Now, you can enjoy the blanched and rinsed nettles fresh, juiced, added to soup, frozen, or dehydrated into tea or powder for later use. Nettles are delicious and earthy, like a cross between spinach and arugula. I suggest sautéing them in EVOO with salt, pepper, and even a little garlic or onion – much like you would kale or other leafy greens.

Okay, that is all fine and dandy… but isn’t this article about stinging nettle fertilizer? How does nettle benefit other plants?

Why Make Stinging Nettle Fertilizer Tea

As a vegetarian and avid organic gardener, I find it extremely rewarding to be able to create our own free and natural plant-based fertilizers. Plants feeding plants, if you will. For example, by making various botanical teas or fermented plant juice – which is what we are doing today. The process is even better when the plant ingredients come from our garden, or can be foraged for locally! We also like to routinely feed our seedlings, newly-planted trees and other plants with homemade aloe vera soil drench. Of course, composting at home is the ultimate way to create free organic fertilizer.

The stinging nettle growing in the chicken run is shown, there are two chickens on the far side of the nettle with their coop in the background.
Every spring, a ton of stinging nettle pops up in and around our chicken run! Thankfully, the girls mostly free range elsewhere but don’t seem bothered by it until we get a chance to harvest.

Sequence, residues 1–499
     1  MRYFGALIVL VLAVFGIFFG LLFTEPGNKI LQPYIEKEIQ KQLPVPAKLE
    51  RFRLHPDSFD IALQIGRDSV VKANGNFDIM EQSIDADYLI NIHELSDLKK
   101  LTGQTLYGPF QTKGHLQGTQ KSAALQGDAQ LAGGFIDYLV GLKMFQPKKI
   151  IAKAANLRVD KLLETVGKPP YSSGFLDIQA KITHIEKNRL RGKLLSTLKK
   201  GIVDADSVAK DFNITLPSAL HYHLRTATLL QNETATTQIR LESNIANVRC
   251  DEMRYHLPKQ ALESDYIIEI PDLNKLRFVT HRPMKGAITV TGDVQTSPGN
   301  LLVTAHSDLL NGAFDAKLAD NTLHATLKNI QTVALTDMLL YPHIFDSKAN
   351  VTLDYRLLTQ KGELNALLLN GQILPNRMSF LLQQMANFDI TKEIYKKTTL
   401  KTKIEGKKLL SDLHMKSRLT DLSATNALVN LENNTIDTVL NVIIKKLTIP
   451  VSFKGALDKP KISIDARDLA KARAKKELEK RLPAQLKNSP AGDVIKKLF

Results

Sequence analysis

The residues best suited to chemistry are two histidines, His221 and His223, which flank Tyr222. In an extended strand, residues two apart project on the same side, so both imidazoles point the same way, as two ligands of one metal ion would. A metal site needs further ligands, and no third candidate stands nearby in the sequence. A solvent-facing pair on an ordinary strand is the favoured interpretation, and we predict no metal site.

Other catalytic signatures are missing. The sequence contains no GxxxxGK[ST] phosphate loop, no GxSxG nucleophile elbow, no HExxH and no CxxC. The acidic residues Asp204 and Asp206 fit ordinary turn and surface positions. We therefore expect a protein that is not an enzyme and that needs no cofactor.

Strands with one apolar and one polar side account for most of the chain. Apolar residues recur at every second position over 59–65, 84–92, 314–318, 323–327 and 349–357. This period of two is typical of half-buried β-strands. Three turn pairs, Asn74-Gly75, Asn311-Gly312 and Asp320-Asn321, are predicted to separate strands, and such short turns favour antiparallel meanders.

The benefits of stinging nettle fertilizer for plants

Stinging nettle belongs to a special group of plants referred to as “dynamic accumulators”, which also includes yarrow, borage, fava beans, comfrey, dandelion, miner’s lettuce, and chickweed. Those “dynamic accumulators” readily take up nutrients and minerals from the soil, and then store them in highly bioavailable forms and concentrations in their leaves. This makes nettles (and all other dynamic accumulators!) an excellent nutrient-rich addition to botanical teas, homemade fertilizers, mulch, or to a compost pile.

Scientific studies show that fresh stinging nettles leaves are loaded with high concentrations of vitamins A, C, D, E, F, K, P, and vitamin B-complexes, as well as large amounts of minerals including calcium, selenium, zinc, iron, magnesium and more. As a leafy green, stinging nettle is also high in nitrogen, chlorophyll, and plant polyphenols – all of which bolster plant health and stimulate growth. Plant polyphenols in particular are potent antioxidants, fight cancer, and boost the immune system.